No charges for officers in fatal South Carolina shooting

South Carolina Officer Shooting (Richland County Sheriff’s Department)

A South Carolina prosecutor decided Tuesday not to charge two police officers in the shooting death of a black man who lunged at them with a broken piece of wood from a chair after relatives warned them the victim suffered from mental illness. .

Richland County deputies were justified in shooting Irvin Moorer Charley because he was a danger to officers and family members who called police at his home, initially telling them Charley was armed with a knife, attorney Byron Gipson said in a statement. .

Gipson called the shooting “reasonably necessary” based on Charley’s “unfortunate response” of lunging at the officers with the stick, which they thought was a sharp stake.

“The use of force was applied in good faith based on the perceptions of a reasonably trained officer and the objectively reasonable facts that the officer had at the time of the incident,” Gipson said.

The deputies are white. Gipson, the elected attorney for Richland County, is black.

Attorneys for Charley’s family did not respond to a text message Tuesday.

The family was unhappy that the Richland County Sheriff’s Department investigated the shooting by their own deputies. Sheriff Leon Lott said his investigators had the experience and temperament to fairly investigate their fellow officers and that Gipson would review the findings.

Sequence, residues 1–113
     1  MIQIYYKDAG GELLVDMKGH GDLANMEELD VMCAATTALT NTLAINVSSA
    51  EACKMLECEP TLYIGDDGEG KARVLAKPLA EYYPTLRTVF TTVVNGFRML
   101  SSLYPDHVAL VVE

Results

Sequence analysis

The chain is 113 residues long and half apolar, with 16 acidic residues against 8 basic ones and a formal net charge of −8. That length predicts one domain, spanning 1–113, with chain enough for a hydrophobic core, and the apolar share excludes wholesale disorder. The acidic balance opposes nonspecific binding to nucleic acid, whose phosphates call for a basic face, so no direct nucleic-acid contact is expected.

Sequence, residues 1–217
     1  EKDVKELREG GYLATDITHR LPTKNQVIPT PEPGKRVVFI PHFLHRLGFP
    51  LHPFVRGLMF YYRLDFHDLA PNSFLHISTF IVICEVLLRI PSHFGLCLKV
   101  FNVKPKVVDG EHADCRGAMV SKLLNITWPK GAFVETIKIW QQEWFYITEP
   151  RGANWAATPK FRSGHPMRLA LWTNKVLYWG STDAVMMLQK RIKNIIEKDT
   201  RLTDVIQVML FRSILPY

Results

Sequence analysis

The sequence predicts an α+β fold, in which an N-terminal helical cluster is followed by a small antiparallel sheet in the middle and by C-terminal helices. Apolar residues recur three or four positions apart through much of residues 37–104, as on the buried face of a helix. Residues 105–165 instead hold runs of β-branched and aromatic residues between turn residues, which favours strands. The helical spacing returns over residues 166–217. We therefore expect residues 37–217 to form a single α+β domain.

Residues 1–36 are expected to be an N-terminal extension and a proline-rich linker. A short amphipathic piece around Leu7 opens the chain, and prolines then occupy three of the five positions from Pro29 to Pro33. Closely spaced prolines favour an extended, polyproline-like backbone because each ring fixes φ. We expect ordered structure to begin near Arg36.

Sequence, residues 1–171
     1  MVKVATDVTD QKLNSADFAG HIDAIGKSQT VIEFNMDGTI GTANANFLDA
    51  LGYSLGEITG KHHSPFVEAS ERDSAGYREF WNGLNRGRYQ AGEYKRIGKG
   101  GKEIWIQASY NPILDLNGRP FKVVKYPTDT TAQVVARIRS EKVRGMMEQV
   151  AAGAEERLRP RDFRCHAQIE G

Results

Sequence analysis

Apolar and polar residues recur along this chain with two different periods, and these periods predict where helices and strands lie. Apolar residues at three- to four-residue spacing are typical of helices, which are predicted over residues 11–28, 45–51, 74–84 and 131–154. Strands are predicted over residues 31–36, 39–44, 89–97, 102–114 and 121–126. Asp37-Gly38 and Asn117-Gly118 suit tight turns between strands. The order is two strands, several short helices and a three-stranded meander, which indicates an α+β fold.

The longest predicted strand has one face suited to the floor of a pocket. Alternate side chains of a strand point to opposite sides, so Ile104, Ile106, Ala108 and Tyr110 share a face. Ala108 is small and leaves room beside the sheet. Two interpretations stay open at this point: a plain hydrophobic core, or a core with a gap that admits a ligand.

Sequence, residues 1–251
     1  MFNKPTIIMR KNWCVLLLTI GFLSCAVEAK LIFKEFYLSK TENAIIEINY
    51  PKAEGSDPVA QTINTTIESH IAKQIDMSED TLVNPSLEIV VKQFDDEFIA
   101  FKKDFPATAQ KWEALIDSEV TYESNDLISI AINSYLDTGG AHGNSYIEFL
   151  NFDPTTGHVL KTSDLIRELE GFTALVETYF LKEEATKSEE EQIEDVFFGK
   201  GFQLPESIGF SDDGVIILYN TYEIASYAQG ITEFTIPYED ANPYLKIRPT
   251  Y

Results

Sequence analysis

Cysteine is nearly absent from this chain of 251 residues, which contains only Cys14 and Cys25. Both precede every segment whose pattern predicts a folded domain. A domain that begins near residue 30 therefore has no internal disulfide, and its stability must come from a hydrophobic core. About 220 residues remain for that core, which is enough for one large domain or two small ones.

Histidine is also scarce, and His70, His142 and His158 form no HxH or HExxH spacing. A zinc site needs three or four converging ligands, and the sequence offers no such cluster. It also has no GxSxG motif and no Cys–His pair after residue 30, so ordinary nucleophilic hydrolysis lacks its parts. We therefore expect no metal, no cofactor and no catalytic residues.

Gipson said he had two professors who are experts on policing from the University of South Carolina also review the evidence, but did not include any of their comments or findings in his statement.

Agents were called to the home outside Columbia on March 19 by someone who said Charley was attacking her mother. Body camera video showed Charley’s brother telling the arriving first officer that Charley was mentally ill and had a knife, which he quickly corrected to scissors while saying, “Don’t shoot or anything. He doesn’t have a gun.”

Body camera footage showed First Officer John Anderson pointing his gun at Charley after he burst out of a house with a piece of wood that appeared to have a pointed end. He told the deputy “you can shoot me”. A second officer, Zachary Hentz, arrived at about the same time and shot Charley with a Taser, but he did not react.

Charley then charged at Hentz, who fired his gun seven times as he backed away, tripping over his back at about the same time Charley fell bleeding to the ground.

Initially, the sheriff’s department only released a 15-second clip of Charley walking toward the officer, saying the shooting itself “just isn’t something everyone needs to see.” They then released dash cam video showing the shooting from a distance, but when the family held a news conference suggesting deputies were hiding evidence, the sheriff’s department released the full 13 minutes of body camera footage.

The footage mainly showed officers performing CPR on a bloodied Charley as his head swayed uncontrollably from side to side with each chest compression.

The day after the shooting, the sheriff said he thought his deputies did the right thing.

“We can’t expect these officers to come out here and kill them,” Lott said. “They have to protect themselves. And that is what this deputy did yesterday. He protected himself.”


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